By Richard Wilson
When the Teacher Leader Endorsement was created by NJEA-backed legislation in 2015, there was the question of what kinds of “jobs” would be connected to this new endorsement. It was a question that the Teacher Leader Advisory Board would struggle with as it worked to make its recommendations for regulations to the New Jersey commissioner of education. The board recommended in its report in June 2017 that there not be a list of teacher leader responsibilities maintained by the New Jersey Department of Education; but rather this be left as a local decision. They opined in their report that teacher leadership is so contextual, and the field is changing so rapidly, that any centrally planned list would be quickly obsolete.
Observing the first class of the NJEA Teacher Leader Academy is evidence that the decision of the advisory board was a wise one. No one could have predicted how much our personal and professional lives would change while living in a pandemic, and the work of teacher leaders has shifted as well.
Teacher leadership in a pandemic
“Help!” was the plea to those teacher leaders on any number of issues. Sometimes the call for help was explicit, other times, teacher leaders have been able to discern the needs of their colleagues, students, and communities through conversations, emails, Zoom meetings, social media posts, and other forms of virtual communication.
An initial need for many teachers was the question of how to reinterpret their in-person teaching techniques into equally effective practices in a virtual environment. Dawn Rivas from River Dell Regional School District created a video for her colleagues with tips on creating a successful online learning environment. The video was also used in orientation sessions for new teachers prior to the start of the school year.
Justin Saxon, of the Northern Valley Regional School District, was working to build leadership capacity among his colleagues. Established teacher leaders and administrators worked together to identify teachers and paraprofessionals with skills to support a virtual learning environment. They provided space for them to develop their leadership skills. This systemic approach ensured support for teachers as they negotiated this new environment.
Nicole Jacinto in Union Township found that identifying students who were struggling was a challenge for her middle school team. The difficulties of communicating in a virtual environment compounded the issue. Jacinto created a grade-wide feedback system in Google Docs where teachers could easily communicate about struggling students and the strategies they were using to help them. This facilitated a coordinated effort to reach the students who needed the most assistance.
Christine Hewitt, who works in the Burlington County Special Services School District, saw a decline in the number of students enrolled in the extended school year (ESY) program. Working with the superintendent, she developed a team of teachers and paraprofessionals to serve on the Summer 2020 Connection and Engagement Initiative. The team created activities for students in and out of the ESY program. They reached out to parents and families to encourage them to participate, providing an opportunity for the staff to support students and their families throughout the summer.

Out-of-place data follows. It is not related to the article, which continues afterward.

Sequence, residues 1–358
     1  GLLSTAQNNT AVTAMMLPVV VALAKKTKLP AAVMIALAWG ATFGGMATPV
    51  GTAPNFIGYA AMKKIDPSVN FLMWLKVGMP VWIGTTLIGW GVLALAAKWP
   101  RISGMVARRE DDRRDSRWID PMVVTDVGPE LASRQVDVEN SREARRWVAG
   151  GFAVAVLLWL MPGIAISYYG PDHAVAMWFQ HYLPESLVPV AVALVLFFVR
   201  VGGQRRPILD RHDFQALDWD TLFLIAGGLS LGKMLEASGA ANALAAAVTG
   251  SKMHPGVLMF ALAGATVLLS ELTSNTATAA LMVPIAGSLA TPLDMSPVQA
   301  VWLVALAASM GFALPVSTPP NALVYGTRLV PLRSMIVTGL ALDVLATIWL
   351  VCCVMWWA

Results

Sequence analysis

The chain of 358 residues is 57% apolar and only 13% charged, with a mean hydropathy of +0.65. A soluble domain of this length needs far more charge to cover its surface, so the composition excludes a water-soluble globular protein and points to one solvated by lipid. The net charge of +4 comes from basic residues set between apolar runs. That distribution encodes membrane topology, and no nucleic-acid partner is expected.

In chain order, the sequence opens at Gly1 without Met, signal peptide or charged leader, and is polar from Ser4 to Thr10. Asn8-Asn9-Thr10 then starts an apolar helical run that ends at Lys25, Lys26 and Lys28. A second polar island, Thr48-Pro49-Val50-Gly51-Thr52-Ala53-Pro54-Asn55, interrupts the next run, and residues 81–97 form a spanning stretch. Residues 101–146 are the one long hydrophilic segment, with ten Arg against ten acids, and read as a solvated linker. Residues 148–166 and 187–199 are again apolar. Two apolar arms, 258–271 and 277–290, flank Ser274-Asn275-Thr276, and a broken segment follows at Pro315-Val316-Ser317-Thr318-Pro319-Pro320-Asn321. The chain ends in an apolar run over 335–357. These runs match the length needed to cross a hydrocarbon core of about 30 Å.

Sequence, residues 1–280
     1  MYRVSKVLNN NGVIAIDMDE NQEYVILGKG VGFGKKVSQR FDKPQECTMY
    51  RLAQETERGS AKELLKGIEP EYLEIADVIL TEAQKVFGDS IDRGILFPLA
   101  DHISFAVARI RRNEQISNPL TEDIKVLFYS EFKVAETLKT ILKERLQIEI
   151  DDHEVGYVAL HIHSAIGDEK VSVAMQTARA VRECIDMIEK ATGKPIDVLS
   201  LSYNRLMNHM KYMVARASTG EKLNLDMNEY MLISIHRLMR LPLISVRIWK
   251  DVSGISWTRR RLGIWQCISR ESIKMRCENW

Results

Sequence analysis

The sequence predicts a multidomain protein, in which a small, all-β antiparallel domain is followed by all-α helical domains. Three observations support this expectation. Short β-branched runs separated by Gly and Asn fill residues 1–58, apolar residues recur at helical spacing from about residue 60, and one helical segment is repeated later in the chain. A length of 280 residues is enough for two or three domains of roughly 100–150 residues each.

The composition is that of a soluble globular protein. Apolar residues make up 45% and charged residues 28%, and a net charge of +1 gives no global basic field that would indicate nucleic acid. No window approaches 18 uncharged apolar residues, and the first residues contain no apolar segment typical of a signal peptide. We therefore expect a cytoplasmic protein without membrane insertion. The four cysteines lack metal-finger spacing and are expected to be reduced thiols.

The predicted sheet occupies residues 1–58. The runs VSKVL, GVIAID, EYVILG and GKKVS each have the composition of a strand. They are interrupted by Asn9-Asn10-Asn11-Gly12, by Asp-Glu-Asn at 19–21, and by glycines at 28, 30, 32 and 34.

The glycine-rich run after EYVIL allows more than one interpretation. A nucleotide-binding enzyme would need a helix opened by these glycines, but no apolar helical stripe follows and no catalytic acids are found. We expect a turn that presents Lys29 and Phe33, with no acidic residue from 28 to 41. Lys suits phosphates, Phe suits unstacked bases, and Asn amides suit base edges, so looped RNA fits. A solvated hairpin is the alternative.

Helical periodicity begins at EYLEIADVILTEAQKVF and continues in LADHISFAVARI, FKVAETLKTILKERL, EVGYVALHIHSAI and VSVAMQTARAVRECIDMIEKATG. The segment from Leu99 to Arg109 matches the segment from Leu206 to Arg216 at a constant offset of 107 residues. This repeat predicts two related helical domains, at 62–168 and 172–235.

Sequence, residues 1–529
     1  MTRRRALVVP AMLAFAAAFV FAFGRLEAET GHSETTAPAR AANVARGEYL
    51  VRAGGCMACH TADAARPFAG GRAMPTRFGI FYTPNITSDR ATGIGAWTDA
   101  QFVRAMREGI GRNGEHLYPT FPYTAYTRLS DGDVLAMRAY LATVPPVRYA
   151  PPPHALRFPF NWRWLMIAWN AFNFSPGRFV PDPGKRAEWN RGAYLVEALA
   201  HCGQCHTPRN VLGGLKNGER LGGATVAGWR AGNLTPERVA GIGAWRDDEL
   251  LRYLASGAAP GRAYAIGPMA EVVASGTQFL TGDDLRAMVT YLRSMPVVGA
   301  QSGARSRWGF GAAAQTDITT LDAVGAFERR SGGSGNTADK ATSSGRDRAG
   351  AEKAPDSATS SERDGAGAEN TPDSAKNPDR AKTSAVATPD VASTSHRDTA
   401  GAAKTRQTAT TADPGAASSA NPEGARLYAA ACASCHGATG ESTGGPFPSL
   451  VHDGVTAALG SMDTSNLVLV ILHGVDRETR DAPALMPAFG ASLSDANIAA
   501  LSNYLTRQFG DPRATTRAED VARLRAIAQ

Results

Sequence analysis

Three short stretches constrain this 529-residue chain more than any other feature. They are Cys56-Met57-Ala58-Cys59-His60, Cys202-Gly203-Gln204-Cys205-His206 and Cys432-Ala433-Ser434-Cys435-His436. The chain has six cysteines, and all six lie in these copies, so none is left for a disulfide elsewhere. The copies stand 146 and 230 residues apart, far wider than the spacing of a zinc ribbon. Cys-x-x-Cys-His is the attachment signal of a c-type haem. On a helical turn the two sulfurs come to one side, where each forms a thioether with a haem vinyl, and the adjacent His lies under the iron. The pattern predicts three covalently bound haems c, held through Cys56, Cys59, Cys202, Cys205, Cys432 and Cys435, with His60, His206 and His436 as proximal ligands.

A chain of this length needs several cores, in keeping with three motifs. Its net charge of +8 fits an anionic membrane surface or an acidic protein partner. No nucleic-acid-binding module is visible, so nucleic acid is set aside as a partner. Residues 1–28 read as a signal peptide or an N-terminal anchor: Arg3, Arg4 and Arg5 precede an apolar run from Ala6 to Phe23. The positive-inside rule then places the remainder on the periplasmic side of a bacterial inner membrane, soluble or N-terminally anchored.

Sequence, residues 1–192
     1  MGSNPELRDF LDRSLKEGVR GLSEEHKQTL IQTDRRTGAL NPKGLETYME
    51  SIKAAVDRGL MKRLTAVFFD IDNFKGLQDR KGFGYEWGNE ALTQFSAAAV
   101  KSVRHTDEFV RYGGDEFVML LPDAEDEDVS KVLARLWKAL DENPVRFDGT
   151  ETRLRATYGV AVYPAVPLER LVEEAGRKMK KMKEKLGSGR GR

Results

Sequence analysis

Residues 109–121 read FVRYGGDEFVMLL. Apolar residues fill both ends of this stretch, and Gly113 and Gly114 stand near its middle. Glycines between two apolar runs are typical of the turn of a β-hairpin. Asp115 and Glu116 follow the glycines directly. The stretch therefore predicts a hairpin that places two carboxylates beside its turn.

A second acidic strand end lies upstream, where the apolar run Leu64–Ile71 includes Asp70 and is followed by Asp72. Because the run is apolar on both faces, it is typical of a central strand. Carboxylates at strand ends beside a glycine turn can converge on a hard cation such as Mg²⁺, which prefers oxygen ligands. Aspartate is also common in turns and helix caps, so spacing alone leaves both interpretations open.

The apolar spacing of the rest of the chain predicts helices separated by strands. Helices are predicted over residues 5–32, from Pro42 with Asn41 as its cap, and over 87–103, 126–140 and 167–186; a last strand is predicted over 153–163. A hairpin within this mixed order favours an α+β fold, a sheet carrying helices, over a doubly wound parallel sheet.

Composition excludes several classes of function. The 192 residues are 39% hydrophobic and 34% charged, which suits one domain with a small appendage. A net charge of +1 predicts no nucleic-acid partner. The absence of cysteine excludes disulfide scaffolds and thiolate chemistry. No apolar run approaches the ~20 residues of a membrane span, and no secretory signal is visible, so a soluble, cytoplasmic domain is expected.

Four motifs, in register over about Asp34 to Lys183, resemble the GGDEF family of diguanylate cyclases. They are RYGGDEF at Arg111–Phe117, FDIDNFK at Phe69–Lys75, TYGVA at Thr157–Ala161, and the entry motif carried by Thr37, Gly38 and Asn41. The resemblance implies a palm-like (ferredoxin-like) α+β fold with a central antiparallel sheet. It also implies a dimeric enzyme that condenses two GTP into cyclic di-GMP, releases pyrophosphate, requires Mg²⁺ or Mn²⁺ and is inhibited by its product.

Christine Candarella in Bloomfield shifted her responsibilities as a Master Teacher into the virtual world, ensuring that new teacher roundtables and provisional teacher meetings continued. This enabled provisional teachers to move on to earn their standard teaching certificate. She also worked with the local association’s Pride Committee chair and the township’s Youth and Family Services program to support the local food bank.
NJEA Teacher Leader faculty also provided support in their districts. Dawn Howlen from Trenton and Lizandaa Alburg in Paterson both made regular wellness calls to their colleagues. Lending an empathic ear, they listened to members who were suddenly unsure of the direction they needed to take and reassured them despite the isolation the pandemic created.
Teacher leaders, both formally and informally, have demonstrated the wisdom of the Teacher Leader Advisory Board leaving their roles open-ended. This flexibility has empowered teacher leaders to step forward to support their colleagues, their students, their schools and their districts in a wide variety of ways in the midst of the pandemic. Through the NJEA Teacher Leader Academy, they can reflect deeply on their work in this challenging time and build greater leadership skills to influence public education everywhere—all while leading from the classroom, however that is defined in a remote or in-person environment.
Richard Wilson is an associate director in the NJEA Professional Development and Instructional Issues Division. He is the coordinator of the NJEA Teacher Leader Academy. He can be reached at TeacherLeader@njea.org.